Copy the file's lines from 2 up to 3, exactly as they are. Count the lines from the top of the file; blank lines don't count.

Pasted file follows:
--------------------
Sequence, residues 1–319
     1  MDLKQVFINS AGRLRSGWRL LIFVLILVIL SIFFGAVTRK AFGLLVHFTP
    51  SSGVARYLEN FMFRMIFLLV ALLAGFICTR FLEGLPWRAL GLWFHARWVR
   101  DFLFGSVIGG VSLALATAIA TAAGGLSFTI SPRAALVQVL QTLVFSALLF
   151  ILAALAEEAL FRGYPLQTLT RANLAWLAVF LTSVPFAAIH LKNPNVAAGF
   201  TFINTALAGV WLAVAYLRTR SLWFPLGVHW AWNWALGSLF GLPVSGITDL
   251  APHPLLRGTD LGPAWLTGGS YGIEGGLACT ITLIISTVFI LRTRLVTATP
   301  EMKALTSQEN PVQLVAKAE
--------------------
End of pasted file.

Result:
     1  MDLKQVFINS AGRLRSGWRL LIFVLILVIL SIFFGAVTRK AFGLLVHFTP
    51  SSGVARYLEN FMFRMIFLLV ALLAGFICTR FLEGLPWRAL GLWFHARWVR